TV review

PROMOTED VIDEO
Arts and Entertainment
Rhys says: 'I'm not playing it for laughs, but I have learnt that if you fall over on stage, people can enjoy that as much as an amazing guitar solo'
musicGruff Rhys on his rock odyssey, and the trouble with independence
Arts and Entertainment
Krysia and Daniel (Hand out press photograph provided by Sally Richardson)
How do today's composers answer the challenge of the classical giant?
Have you tried new the Independent Digital Edition apps?
Arts and Entertainment

ebooksNow available in paperback
Arts and Entertainment

ebooks
News
Shenaz Treasurywala
film
News
tv
Arts and Entertainment
Jason Watkins as Christopher Jefferies
tv
Arts and Entertainment
Star Wars Director JJ Abrams: key character's names have been revealed
film
Arts and Entertainment
Pharrell Williams won two BBC Music Awards for Best Song and International Artist
music
Arts and Entertainment
Mark, Katie and Sanjay in The Apprentice boardroom
TV
Arts and Entertainment

Film The critics but sneer but these unfashionable festive films are our favourites

Arts and Entertainment
Frances O'Connor and James Nesbitt in 'The Missing'

TV We're so close to knowing what happened to Oliver Hughes, but a last-minute bluff crushes expectations

Arts and Entertainment
Joey Essex will be hitting the slopes for series two of The Jump

TV

Who is taking the plunge?
Arts and Entertainment
Katy Perry as an Ancient Egyptian princess in her latest music video for 'Dark Horse'

music
Arts and Entertainment
Dame Judi Dench, as M in Skyfall

film
Arts and Entertainment
Morrissey, 1988

TV
Latest stories from i100
Have you tried new the Independent Digital Edition apps?

ES Rentals

    Independent Dating
    and  

    By clicking 'Search' you
    are agreeing to our
    Terms of Use.

    The week Hollywood got scared and had to grow up a bit

    The week Hollywood got scared and had to grow up a bit

    Sony suffered a chorus of disapproval after it withdrew 'The Interview', but it's not too late for it to take a stand, says Joan Smith
    From Widow Twankey to Mother Goose, how do the men who play panto dames get themselves ready for the performance of a lifetime?

    Panto dames: before and after

    From Widow Twankey to Mother Goose, how do the men who play panto dames get themselves ready for the performance of a lifetime?
    Thirties murder mystery novel is surprise runaway Christmas hit

    Thirties murder mystery novel is surprise runaway Christmas hit

    Booksellers say readers are turning away from dark modern thrillers and back to the golden age of crime writing
    Anne-Marie Huby: 'Charities deserve the best,' says founder of JustGiving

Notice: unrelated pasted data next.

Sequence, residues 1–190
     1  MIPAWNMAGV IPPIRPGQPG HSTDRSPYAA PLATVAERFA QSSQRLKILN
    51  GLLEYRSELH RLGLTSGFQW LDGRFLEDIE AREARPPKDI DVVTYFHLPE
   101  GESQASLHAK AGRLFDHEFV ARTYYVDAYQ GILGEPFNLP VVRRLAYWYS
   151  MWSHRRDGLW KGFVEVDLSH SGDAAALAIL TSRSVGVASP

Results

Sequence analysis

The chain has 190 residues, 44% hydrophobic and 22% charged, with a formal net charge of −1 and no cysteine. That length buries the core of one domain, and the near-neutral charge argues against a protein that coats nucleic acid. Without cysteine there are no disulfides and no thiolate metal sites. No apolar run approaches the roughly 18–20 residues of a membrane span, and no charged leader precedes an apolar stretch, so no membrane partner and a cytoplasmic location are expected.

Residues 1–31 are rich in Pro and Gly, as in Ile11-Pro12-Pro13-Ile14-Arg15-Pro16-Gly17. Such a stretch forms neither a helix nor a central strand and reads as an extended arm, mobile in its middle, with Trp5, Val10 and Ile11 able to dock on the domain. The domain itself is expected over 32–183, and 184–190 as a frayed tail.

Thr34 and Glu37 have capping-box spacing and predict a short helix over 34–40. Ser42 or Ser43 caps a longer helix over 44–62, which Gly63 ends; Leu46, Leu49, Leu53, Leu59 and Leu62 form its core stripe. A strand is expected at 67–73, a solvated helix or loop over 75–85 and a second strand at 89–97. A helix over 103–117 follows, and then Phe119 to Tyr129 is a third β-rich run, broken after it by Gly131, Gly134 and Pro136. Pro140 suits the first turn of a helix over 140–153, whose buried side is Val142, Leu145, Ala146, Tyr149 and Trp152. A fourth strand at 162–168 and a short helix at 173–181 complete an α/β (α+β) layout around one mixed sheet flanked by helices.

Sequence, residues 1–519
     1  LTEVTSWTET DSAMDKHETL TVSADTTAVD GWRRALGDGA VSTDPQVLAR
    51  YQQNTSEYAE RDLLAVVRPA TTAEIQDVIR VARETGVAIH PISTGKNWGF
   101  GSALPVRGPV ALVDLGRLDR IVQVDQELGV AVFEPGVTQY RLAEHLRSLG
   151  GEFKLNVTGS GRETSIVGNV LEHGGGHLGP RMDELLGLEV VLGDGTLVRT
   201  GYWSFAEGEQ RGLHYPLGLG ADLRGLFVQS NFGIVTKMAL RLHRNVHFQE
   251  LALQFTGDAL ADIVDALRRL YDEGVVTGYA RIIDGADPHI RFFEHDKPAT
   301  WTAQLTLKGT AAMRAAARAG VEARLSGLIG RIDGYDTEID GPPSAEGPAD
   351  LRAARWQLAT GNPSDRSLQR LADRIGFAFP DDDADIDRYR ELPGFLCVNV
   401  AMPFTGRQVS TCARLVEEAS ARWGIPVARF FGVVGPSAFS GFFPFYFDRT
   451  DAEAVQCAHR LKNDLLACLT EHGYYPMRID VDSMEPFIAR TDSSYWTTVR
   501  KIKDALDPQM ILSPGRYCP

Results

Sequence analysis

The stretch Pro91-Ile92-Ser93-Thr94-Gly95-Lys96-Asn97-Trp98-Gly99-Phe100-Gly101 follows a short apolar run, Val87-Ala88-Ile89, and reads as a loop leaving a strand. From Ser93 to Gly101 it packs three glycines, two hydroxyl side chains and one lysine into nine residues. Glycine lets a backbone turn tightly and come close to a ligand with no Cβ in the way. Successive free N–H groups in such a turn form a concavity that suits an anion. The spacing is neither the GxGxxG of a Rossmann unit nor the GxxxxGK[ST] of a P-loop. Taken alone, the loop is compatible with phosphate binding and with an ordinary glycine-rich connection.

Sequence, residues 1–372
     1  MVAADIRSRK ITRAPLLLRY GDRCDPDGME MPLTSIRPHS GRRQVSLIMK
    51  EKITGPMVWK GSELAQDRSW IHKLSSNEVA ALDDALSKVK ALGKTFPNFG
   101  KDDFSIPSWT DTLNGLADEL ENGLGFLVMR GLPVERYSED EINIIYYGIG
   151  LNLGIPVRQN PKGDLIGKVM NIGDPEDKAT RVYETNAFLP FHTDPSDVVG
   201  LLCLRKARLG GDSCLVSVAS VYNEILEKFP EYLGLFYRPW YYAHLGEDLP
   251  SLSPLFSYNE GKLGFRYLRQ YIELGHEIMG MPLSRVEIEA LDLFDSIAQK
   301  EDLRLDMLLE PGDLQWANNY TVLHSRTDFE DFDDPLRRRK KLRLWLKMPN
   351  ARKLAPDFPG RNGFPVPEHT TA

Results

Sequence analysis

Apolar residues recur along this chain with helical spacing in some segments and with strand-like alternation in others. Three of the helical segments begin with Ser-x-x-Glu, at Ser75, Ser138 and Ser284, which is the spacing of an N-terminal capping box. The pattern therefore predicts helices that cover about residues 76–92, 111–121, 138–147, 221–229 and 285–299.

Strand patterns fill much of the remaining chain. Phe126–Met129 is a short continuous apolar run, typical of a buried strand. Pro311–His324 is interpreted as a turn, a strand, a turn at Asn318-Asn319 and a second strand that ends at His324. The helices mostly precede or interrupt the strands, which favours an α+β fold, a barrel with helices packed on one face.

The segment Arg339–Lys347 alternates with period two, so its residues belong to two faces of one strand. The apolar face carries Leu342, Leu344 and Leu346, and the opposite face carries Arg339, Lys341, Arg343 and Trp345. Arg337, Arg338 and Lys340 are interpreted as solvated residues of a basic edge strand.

Anne-Marie Huby: 'Charities deserve the best'

    Ten million of us have used the JustGiving website to donate to good causes. Its co-founder says that being dynamic is as important as being kind
    The botanist who hunts for giant trees at Kew Gardens

    The man who hunts giants

    A Kew Gardens botanist has found 25 new large tree species - and he's sure there are more out there
    The 12 ways of Christmas: Spare a thought for those who will be working to keep others safe during the festive season

    The 12 ways of Christmas

    We speak to a dozen people who will be working to keep others safe, happy and healthy over the holidays
    Birdwatching men have a lot in common with their feathered friends, new study shows

    The male exhibits strange behaviour

    A new study shows that birdwatching men have a lot in common with their feathered friends...
    Diaries of Evelyn Waugh, Virginia Woolf and Noël Coward reveal how they coped with the December blues

    Famous diaries: Christmas week in history

    Noël Coward parties into the night, Alan Clark bemoans the cost of servants, Evelyn Waugh ponders his drinking…
    From noble to narky, the fall of the open letter

    From noble to narky, the fall of the open letter

    The great tradition of St Paul and Zola reached its nadir with a hungry worker's rant to Russell Brand, says DJ Taylor
    A Christmas ghost story by Alison Moore: A prodigal daughter has a breakthrough

    A Christmas ghost story by Alison Moore

    The story was published earlier this month in 'Poor Souls' Light: Seven Curious Tales'
    Marian Keyes: The author on her pre-approved Christmas, true love's parking implications and living in the moment

    Marian Keyes

    The author on her pre-approved Christmas, true love's parking implications and living in the moment
    Bill Granger recipes: Our chef creates an Italian-inspired fish feast for Christmas Eve

    Bill Granger's Christmas Eve fish feast

    Bill's Italian friends introduced him to the Roman Catholic custom of a lavish fish supper on Christmas Eve. Here, he gives the tradition his own spin…
    Liverpool vs Arsenal: Brendan Rodgers is fighting for his reputation

    Rodgers fights for his reputation

    Liverpool manager tries to stay on his feet despite waves of criticism
    Amir Khan: 'The Taliban can threaten me but I must speak out... innocent kids, killed over nothing. It’s sick in the mind'

    Amir Khan attacks the Taliban

    'They can threaten me but I must speak out... innocent kids, killed over nothing. It’s sick in the mind'
    Michael Calvin: Sepp Blatter is my man of the year in sport. Bring on 2015, quick

    Michael Calvin's Last Word

    Sepp Blatter is my man of the year in sport. Bring on 2015, quick